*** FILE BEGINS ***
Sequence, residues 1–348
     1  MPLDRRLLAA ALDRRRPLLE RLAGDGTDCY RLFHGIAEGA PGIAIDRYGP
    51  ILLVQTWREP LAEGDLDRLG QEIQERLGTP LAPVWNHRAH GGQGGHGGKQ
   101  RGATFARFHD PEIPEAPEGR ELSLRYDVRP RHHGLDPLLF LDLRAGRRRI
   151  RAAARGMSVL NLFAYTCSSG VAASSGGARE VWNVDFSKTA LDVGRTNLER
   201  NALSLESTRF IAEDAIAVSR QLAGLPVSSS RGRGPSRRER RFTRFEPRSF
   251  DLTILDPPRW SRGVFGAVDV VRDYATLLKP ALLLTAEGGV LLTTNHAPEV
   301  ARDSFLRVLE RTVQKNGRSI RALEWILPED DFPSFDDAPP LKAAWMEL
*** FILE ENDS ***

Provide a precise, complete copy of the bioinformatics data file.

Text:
Sequence, residues 1–348
     1  MPLDRRLLAA ALDRRRPLLE RLAGDGTDCY RLFHGIAEGA PGIAIDRYGP
    51  ILLVQTWREP LAEGDLDRLG QEIQERLGTP LAPVWNHRAH GGQGGHGGKQ
   101  RGATFARFHD PEIPEAPEGR ELSLRYDVRP RHHGLDPLLF LDLRAGRRRI
   151  RAAARGMSVL NLFAYTCSSG VAASSGGARE VWNVDFSKTA LDVGRTNLER
   201  NALSLESTRF IAEDAIAVSR QLAGLPVSSS RGRGPSRRER RFTRFEPRSF
   251  DLTILDPPRW SRGVFGAVDV VRDYATLLKP ALLLTAEGGV LLTTNHAPEV
   301  ARDSFLRVLE RTVQKNGRSI RALEWILPED DFPSFDDAPP LKAAWMEL